On Women’s Attire in The Sudan

Soon we’ll know whether or not Lubna Hussein’s principled argument that the Koran does not regulate women’s attire is a winner or loser in the Sudan.

Battle in Sudan Over Women’s Dress

By JEFFREY GETTLEMAN
The New York Times
Published: September 6, 2009

NAIROBI, Kenya — This is not about pants, Lubna Hussein insists. It is about principles.

Ashraf Shazly/Agence France-Presse — Getty Images

Lubna Hussein with supporters gathering outside the court in Khartoum upon her arrival for a hearing on Friday.

A woman should be able to wear what she wants and not be publicly whipped for it, says Mrs. Hussein, a defiant Sudanese journalist, and on Monday her belief will be put to the test.

Mrs. Hussein has been charged in Khartoum, Sudan’s capital, with indecent dress, a crime that carries a $100 fine and 40 lashings. She was arrested in July, along with 12 other women, who were caught at a cafe wearing trousers.

Sudan is partially ruled by Islamic law, which emphasizes modest dress for women. Mrs. Hussein, 34, has pleaded not guilty and is daring the Sudanese authorities to punish her.

“I am Muslim; I understand Muslim law,” Mrs. Hussein said in an interview. “But I ask: what passage in the Koran says women can’t wear pants? This is not nice.”

Mrs. Hussein even printed up invitation cards for her initial court date in July and sent out e-mail messages asking people to witness her whipping, if it came to that. She said she wanted the world to see how Sudan treated women.

Hundreds of Sudanese women — many wearing pants — swarmed in front of the court where the trial was supposed to take place, protesting that the law was unfair. Twice now, the trial has been postponed. Some of the other women arrested with Mrs. Hussein have pleaded guilty and were lashed as a result. Past floggings have been carried out with plastic whips that leave permanent scars.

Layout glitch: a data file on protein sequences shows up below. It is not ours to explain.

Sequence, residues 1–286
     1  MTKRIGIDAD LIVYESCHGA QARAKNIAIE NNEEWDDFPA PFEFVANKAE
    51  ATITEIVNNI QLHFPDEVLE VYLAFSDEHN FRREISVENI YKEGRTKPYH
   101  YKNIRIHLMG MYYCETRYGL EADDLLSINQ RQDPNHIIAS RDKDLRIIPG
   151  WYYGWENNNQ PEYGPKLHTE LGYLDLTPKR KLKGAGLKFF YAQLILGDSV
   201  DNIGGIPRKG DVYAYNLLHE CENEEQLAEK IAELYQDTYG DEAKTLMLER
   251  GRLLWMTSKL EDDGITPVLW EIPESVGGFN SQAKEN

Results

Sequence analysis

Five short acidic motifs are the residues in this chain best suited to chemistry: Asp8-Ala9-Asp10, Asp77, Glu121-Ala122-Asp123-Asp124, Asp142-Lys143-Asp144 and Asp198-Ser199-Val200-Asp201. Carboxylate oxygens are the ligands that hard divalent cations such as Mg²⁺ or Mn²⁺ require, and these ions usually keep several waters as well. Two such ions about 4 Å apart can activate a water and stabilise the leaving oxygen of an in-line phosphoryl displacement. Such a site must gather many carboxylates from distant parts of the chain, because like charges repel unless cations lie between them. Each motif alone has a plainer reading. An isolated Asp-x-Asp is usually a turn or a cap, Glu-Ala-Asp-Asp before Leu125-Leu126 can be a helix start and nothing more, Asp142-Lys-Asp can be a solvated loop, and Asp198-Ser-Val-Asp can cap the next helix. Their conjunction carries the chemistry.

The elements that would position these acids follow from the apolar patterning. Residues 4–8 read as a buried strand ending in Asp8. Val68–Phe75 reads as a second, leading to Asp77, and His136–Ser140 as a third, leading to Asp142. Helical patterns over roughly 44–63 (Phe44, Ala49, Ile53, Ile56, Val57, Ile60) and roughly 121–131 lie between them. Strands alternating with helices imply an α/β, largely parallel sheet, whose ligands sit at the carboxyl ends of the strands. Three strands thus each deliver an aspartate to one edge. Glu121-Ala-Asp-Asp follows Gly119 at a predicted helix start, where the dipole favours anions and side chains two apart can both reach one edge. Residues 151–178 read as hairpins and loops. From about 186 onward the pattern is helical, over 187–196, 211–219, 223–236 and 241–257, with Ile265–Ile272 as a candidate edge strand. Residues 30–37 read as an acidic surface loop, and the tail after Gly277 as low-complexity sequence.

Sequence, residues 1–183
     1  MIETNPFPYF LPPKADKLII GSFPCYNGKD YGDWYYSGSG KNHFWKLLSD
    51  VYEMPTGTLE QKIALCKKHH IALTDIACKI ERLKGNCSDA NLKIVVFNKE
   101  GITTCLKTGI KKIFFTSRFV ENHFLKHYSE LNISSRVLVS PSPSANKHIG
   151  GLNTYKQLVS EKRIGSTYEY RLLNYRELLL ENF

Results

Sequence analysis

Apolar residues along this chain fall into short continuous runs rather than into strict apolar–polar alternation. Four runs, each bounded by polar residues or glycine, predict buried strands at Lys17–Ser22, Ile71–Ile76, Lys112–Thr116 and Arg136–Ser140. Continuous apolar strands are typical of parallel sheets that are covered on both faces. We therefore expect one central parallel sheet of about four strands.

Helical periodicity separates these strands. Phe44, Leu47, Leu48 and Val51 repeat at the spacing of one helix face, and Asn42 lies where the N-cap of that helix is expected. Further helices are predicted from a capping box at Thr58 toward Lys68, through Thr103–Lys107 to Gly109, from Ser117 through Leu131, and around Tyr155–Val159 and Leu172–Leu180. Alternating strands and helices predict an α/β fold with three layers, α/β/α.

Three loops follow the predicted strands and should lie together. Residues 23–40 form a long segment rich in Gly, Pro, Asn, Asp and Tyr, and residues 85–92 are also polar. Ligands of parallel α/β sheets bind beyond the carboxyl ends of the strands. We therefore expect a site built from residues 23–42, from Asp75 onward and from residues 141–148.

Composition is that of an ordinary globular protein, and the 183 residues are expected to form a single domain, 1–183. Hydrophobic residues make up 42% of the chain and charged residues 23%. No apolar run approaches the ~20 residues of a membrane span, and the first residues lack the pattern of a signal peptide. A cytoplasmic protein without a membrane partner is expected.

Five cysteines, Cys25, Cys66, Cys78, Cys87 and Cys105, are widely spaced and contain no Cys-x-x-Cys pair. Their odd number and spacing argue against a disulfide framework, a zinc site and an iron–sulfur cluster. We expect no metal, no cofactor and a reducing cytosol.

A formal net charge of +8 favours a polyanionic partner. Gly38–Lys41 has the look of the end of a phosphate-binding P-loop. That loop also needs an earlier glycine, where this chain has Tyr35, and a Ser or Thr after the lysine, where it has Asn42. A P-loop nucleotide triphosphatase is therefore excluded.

“The flogging, yes, it causes pain,” Mrs. Hussein said. “But more important, it is an insult. This is why I want to change the law.”

The law in contention here is Article 152 of Sudan’s penal code. Concisely stated, the law says that up to 40 lashes and a fine should be assessed anyone “who commits an indecent act which violates public morality or wears indecent clothing.”

The question is: what exactly is indecent clothing?

In Sudan, some women wear veils and loose fitting dresses; others do not. Northern Sudanese, who are mostly Muslim, are supposed to obey Islamic law, while southern Sudanese, who are mostly Christian, are not. Mrs. Hussein argues that Article 152 is intentionally vague, in part to punish women.

Rabie A. Atti, a Sudanese government spokesman, said the law was meant for the opposite reason, to “protect the people.”

“We have an act controlling the behavior of women and men so the behavior doesn’t harm others, whether it’s speech or dress or et cetera,” he said.

But, he insisted, Mrs. Hussein must have done something else to run afoul of the authorities, besides wearing pants.

“You come to Khartoum and you will see for yourself,” he said. “Many women, in offices and wedding ceremonies, wear trousers.”

“Thousands of girls wear the trousers,” he added.

Asked what other offenses Mrs. Hussein may have committed, Mr. Atti said that the case file was secret and that he did not know.

Mrs. Hussein countered that she did not do anything else that might have violated the law, and that countless people from inside and outside Sudan are supporting her.

“It’s well known that Sudanese women are pioneers in the history of women’s rights in this region, and that we won our rights a long time ago because of our awareness, open mind, good culture and struggle,” she said.

The last time Sudan’s courts handled a case that attracted such international attention, they found a compromise solution. A British schoolteacher faced up to 40 lashes and six months in prison for allowing her students to name a class teddy bear Muhammad, which was perceived as an insult to Islam. But after being sentenced to 15 days in jail, she was soon pardoned by the Sudanese president.

A widow with no children, Mrs. Hussein is a career journalist who recently worked as a public information assistant for the United Nations in Sudan. She quit, she said, because she did not want to get the United Nations embroiled in her case. But Sudan, given its renewed interest in normalizing relations with the United States, might be reluctant to draw much international ire by harshly punishing her.

Protesters are expected to come out on her behalf again when Mrs. Hussein returns to court Monday morning. She says her family is also behind her.

“My mother supports me,” she said, “but she is worried for me and prays for me.”

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